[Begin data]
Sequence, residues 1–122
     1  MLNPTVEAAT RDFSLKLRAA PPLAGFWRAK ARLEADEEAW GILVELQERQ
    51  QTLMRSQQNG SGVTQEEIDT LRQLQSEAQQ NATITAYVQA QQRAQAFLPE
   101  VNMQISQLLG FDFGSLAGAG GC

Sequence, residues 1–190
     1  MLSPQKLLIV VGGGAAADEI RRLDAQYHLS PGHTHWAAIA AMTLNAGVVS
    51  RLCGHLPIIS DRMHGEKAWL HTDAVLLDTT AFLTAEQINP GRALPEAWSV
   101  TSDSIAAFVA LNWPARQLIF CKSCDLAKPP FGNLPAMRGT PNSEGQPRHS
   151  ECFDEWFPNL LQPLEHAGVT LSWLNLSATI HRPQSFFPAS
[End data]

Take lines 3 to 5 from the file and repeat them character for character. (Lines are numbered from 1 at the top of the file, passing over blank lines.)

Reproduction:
    51  QTLMRSQQNG SGVTQEEIDT LRQLQSEAQQ NATITAYVQA QQRAQAFLPE
   101  VNMQISQLLG FDFGSLAGAG GC

Sequence, residues 1–190